Tuesday, October 15, 2013

Taking Breaks

On Saturday, I made a huge mistake: I took the afternoon off. I didn't spend the time going on a walk, or writing in Orsolya, or even reading. I just wasted about 6 hours, and for the rest of the weekend, even though I tried to be productive and did get a lot of work done on school stuff...I felt off-center, still feel off-center, unprepared to take whatever might come my way this week.

I know that I could easily turn extremely lazy; thus I have constructed mental barriers that hopefully work to prevent laziness. As much as I can, I've tried to follow the principle of delayed gratification; I've written before how self-control is the highest virtue. That doesn't mean that I always live up to my high standards, but it does mean that when I take a day off in the beginning of the weekend as I did on Saturday, I beat myself up over it and swear not to do it again.

At this moment I can't really afford to take days off. My EA apps are due at the end of the month, in only two weeks, and even though I might be pushing my Common App ones to RD that's still a lot of work that needs to get done before the end of the year. I don't want to complain yet again about how busy I am this semester - but I am busier now than I was last year and I need to develop a healthy system of dealing with the stress, a system that will scale next year when I'm in college.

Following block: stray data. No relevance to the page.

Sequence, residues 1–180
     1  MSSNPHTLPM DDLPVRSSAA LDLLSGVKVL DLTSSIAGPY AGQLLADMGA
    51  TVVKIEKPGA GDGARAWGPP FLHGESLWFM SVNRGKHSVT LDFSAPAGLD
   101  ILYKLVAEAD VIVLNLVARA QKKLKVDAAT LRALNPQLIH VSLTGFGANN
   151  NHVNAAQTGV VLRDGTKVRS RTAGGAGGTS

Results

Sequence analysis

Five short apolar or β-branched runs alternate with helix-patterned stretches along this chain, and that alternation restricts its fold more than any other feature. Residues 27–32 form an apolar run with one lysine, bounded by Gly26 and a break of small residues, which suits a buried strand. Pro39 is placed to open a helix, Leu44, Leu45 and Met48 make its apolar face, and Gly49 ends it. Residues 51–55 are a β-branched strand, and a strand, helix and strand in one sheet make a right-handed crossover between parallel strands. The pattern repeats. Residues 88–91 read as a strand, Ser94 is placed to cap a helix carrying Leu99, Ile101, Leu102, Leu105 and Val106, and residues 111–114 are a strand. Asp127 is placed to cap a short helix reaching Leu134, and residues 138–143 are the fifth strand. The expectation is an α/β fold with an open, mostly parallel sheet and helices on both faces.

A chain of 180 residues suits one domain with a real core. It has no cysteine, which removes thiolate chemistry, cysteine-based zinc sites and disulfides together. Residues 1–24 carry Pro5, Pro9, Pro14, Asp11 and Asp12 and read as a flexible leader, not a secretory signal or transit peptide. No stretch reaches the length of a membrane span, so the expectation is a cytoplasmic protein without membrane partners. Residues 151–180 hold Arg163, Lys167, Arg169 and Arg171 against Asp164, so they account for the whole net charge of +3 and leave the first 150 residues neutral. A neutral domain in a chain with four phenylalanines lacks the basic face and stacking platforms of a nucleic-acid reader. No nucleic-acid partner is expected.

One of the biggest sticking points in my current system is the issue of breaks, as demonstrated above. Simply plowing through the work would lead to burnout, but knowing my personality I cannot afford to take days off - they cause more stress than they relieve.

Iterative process: how to take breaks better?

Something I've been doing recently to keep me focused on one thing for a set amount of time is by putting on a whole album/musical composition as background music, of length suited to the task. For example: Igor Stravinsky's "Rites of Spring" is about half an hour long, the right length for making a study guide for chemistry. A writing session may require a 45-minute to 1-hour long album.

I don't feel the need to address the benefits background music - I figure that's a subjective thing, and for me I've found it valuable. For others it might not be. Assuming that having music on in the background does help with concentration, then the big advantage of putting on one video is that you don't have to click away from whatever you're working on to change the music. Choosing the right length of music also gets rid of the need for an alarm, which I've found easy to turn off and then ignore.

At the end of each set, then, what I've been doing is putting on one lone song and doing whatever for that duration before going on to the next thing. But that's not really much of a break, and that's what I'm trying to improve. Longer, more relaxing breaks that don't interfere with workflow, that have a net reduction in stress. That's what I'm after.

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